Cardiorobotics, Developer of Snake Robot Technology, Aims to Alter Cardiac Surgery
The future of heart surgery is in something called a “snake robot,” at least according to the people at Newport, RI-based Cardiorobotics. We decided to check it out in more depth since Cardiorobotics just raised $11.6 million this week to see if it can demonstrate this is truly the next frontier in minimally invasive ways of fixing irregular heartbeats.
Cardiorobotics, a spinout from Carnegie Mellon University and the University of Pittsburgh, got its start in the nearby Pittsburgh Life Sciences Green House in 2005. The company now splits its operations between the Steel City and Newport. I got the update from the company’s president and CEO, Samuel Straface.
Like many medical device companies, Cardiorobotics has its sights on replacing a standard surgical procedure with something a lot less invasive. The company’s initial goal is to help patients avoid open-heart surgery for irregular heartbeats (arrhythmias), particularly atrial fibrillation. Instead of cracking open the chest with a breastplate incision, and forcing patients to shoulder the risk of going on a heart-lung machine, Cardiorobotics envisions doing a single tiny incision in the chest, that has an opportunity to improve patient recovery and reduce the risk of complications from surgery. Atrial fibrillation is the most frequently diagnosed type of arrhythmia, and affects an estimated 2.3 million people in the U.S.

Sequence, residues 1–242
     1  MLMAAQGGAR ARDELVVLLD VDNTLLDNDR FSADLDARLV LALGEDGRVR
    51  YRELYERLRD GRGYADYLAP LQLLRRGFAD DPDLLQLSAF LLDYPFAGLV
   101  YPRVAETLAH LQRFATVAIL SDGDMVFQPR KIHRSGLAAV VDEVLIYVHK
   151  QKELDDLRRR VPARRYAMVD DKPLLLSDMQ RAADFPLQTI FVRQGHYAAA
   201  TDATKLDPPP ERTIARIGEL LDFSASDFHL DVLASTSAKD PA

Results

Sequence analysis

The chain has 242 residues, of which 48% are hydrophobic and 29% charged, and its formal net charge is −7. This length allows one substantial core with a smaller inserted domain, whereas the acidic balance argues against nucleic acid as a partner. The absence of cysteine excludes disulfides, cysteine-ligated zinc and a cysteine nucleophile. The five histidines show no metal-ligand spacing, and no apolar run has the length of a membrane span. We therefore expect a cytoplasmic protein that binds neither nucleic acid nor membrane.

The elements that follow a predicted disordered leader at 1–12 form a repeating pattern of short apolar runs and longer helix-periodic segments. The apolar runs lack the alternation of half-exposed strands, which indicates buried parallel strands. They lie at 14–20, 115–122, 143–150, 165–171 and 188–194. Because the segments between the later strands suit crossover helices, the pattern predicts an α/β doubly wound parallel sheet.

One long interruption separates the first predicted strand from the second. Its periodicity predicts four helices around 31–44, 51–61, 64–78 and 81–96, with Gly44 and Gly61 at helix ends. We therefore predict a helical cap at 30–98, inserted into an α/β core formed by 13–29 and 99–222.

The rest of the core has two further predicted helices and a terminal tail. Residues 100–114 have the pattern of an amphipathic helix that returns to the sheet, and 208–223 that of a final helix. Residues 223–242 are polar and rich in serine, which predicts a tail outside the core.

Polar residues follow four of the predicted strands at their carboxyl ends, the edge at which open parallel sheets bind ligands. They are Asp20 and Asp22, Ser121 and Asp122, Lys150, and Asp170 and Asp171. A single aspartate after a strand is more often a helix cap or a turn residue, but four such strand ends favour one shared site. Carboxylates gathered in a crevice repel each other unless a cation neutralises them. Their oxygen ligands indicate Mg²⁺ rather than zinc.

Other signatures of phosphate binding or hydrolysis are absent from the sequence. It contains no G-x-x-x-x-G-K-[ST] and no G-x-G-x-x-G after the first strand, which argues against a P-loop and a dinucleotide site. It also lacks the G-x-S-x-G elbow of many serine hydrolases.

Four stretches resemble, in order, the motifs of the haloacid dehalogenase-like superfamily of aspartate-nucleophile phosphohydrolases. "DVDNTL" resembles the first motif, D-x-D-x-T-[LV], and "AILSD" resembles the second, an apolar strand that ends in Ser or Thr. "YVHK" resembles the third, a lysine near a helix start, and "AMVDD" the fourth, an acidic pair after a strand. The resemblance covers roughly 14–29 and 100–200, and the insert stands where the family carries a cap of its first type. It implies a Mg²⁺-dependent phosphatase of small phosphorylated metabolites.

Cardiorobotics is planning on starting clinical trials of its device in Europe by the end of the year, and if everything goes right, the technology could win its first regulatory approval for the market in two years, Straface says. Both cardiac surgeons and cardiologists, he predicts, are going to be quick to adopt this technology.
“The snake robot is plug-and-play,” Straface said, adding that getting certified to use the robot will not be too difficult or expensive. “If you’ve played on video games, it’s not too different,” he said.
How is it supposed to really work? Straface helped walk through this idea step by step. The snake, officially called the Articulated Robotic MedProbe (ARM), is inserted through a small hole under the breastbone, and then carefully curves around the tight, finely structured muscle of the heart. The snake has a camera with its eyes focused on the heart tissue responsible for the arrhythmia. And with a delicate, finely timed movement, the snake cuts small lesions into each of the upper heart chambers, or atria, using a narrowly focused microwave laser or other energy emitter to kill those cells that were keeping the heart from functioning normally. Its work complete, the snake then eases itself back through the chest, adjusting itself again to avoid harming the tissues it moved through before. When the procedure is done, the snake robot gets thrown away.
Cardiorobotics set up its headquarters in Newport in 2007, and Straface took over as president and CEO this year after he previously served as an Executive-in-Residence at the Pittsburgh Life Sciences Greenhouse.
Other companies have similar robotic devices for heart surgery, notably Sunnyvale, CA-based … Next Page »